(4)

Using Stirling approximation40 formula and further solving (4) we get a Poisson distribution (for further details, refer Online Appendix A),

$$\begin{aligned} P(r)= \frac{R_o^r e^{-R_o}}{r!} \end{aligned}$$
(5)

As analysed, new cases per day rise nearly exponentially to maximum value and then decrease, which shows the trend of a peak function, from which the equation could be seen as (5).

Coming back to Ising model of spin interaction, as we already discussed in brief, it talks about how spin systems interact with each other. Previously we also discussed our logic behind forming an analogy between a spin system and covid-19 interaction. Since they are analogous, we implement the general Hamiltonian for Ising model to the quantum circuit simulation of the epidemic. We can derive its time evolution factor with the probability of cases (or spin states) by implementing a Hamiltonian operator of its function dependent on time. As in the spin system, the spins interact with each other by the exchange interaction, it is defined by a Hamiltonian operator41,42 as

$$\begin{aligned} {\hat{H}}_r= & {} \sum _{n=1}^{N}A_{n}{(r)}{\hat{\sigma }}^x_{n}{\hat{\sigma }}^x_n+\sum _{n=1}^{N}B_n{(r)}{\hat{\sigma }}^y_n{\hat{\sigma }}^y_n + \sum _{n=1}^{N}C_n{(r)}{\hat{\sigma }}^z_n{\hat{\sigma }}^z_n \end{aligned}$$
(6)

where \(A_n, B_n\) and \(C_n\) are the strength of the exchange interactions (in the form of probability distribution) of the lattice points along the respective directions. Even though it is futile to consider different distributions of transmission along different directions when applied in Covid-19 simulation, still, we would first derive the quantum circuit for the generalized Hamiltonian of Ising model, and then later specialise it for Covid-19 scenario. Here, the interacting individuals are nothing but the lattice points with either one of the spins. The Pauli matrices determine the interaction of the spins (or individuals) with each other.

The strength of the exchange interaction decreases as the distance between these particles increases (which also helps in deducing that if people maintain distance, the spread of infection might decrease). In the neighboring region, we can almost assume that the interaction of one particle is almost similar to all of the neighbors, and the interaction is followed in all three directions, and thus the exchange interaction takes place; the stronger the exchange interaction more will be its infection rate.

Hence to find its correlation with the time evolution operator and deriving it into quantum circuits43 here, for n=1, we get a more straightforward form i.e.

$$\begin{aligned} {\hat{H}}_r=A_n{(r)}{\hat{\sigma }}^x_n{\hat{\sigma }}^x_n+B_n{(r)}{\hat{\sigma }}^y_n{\hat{\sigma }}^y_n+C_n{(r)}{\hat{\sigma }}^z_n{\hat{\sigma }}^z_n \end{aligned}$$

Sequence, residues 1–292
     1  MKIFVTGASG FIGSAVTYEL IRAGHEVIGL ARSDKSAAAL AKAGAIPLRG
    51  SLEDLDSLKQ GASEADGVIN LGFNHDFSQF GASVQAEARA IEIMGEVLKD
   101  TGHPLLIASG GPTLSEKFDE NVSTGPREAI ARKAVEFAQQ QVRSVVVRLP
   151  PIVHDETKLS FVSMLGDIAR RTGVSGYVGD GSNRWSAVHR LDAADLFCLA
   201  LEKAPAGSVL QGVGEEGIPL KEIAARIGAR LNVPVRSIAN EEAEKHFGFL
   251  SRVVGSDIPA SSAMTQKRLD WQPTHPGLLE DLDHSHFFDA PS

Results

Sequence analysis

(7)

We apply the time evolution unitary operator on our Hamiltonian operator44

$$\begin{aligned} U(t)=e^{-\frac{iHt(2\pi )}{h}} \end{aligned}$$
(8)

by taking \(\frac{h}{2\pi }=1\) and putting the Hamiltonian of (7) in unitary operator of (8) we deduce.

$$\begin{aligned} U(t)= & {} e^{-it(A_n{(r)}{\hat{\sigma }}^x_n{\hat{\sigma }}^x_n+B_n{(r)}{\hat{\sigma }}^y_n{\hat{\sigma }}^y_n+C_n{(r)}{\hat{\sigma }}^z_n{\hat{\sigma }}^z_n)} \end{aligned}$$
(9)
$$\begin{aligned}= & {} e^{-it(A_n{(r)}{\hat{\sigma }}^x_n{\hat{\sigma }}^x_n)}*e^{-it(B_n{(r)}{\hat{\sigma }}^y_n{\hat{\sigma }}^y_n)}*e^{-it(C_n{(r)}{\hat{\sigma }}^z_n{\hat{\sigma }}^z_n)} \end{aligned}$$
(10)

where \(\sigma ^x\)45= \(\begin{bmatrix} 0 &{} 1\\ 1 &{} 0 \end{bmatrix}\), \(\sigma ^y\)= \(\begin{bmatrix} 0 &{} -i\\ i &{} 0 \end{bmatrix}\) and \(\sigma ^z\)= \(\begin{bmatrix} 1 &{} 0\\ 0 &{} -1 \end{bmatrix}\)

Dividing the Eq. (10) into 3 parts as

$$\begin{aligned} U_1(t)= & {} e^{-it(A_n{(r)}{\hat{\sigma }}^x_n{\hat{\sigma }}^x_n)} \end{aligned}$$
(11)
$$\begin{aligned} U_2(t)= & {} e^{-it(B_n{(r)}{\hat{\sigma }}^y_n{\hat{\sigma }}^y_n)} \end{aligned}$$
(12)
$$\begin{aligned} U_3(t)= & {} e^{-it(C_n{(r)}{\hat{\sigma }}^z_n{\hat{\sigma }}^z_n)} \end{aligned}$$
(13)

On solving the Eq. (11)

$$\begin{aligned} U_1(t)= & {} e^{(-itA_n{(r)})({\hat{\sigma }}^x_n{\hat{\sigma }}^x_n)} \end{aligned}$$
(14)

which follows the condition of

$$\begin{aligned} e^{-i\theta A}=cos(\theta ) I -isin(\theta )A \end{aligned}$$
(15)

where I is the identity matrix and A is of same order of the identity matrix.

Here, A=\(\sigma _x \otimes \sigma _x\), which follow the identity rule and has a order 4 and we break down it to

$$\begin{aligned} U_{1} (t) & = cos(A_{n} (r)t)I - isin(A_{n} (r)t)\sigma _{x} \otimes \sigma _{x} \\ & \left[ {\begin{array}{*{20}c} {cos(A_{n} (r)t)} &\quad 0 &\quad 0 &\quad { - isin(A_{n} (r)t)} \\ 0 &\quad {cos(A_{n} (r)t)} &\quad { - isin(A_{n} (r)t)} &\quad 0 \\ 0 &\quad { - isin(A_{n} (r)t)} &\quad {cos(A_{n} (r)t)} &\quad 0 \\ { - isin(A_{n} (r)t)} &\quad 0 &\quad 0 &\quad {cos(A_{n} (r)t)} \\ \end{array} } \right] \\ \end{aligned}$$

where U345 gate controls The three parameters allowing the construction of any single-qubit gate, has a duration of one unit of gate time. In the Bloch sphere rotation, it can move through any plane controlled by (theta, gamma and phi) only once and its matrix form is represented by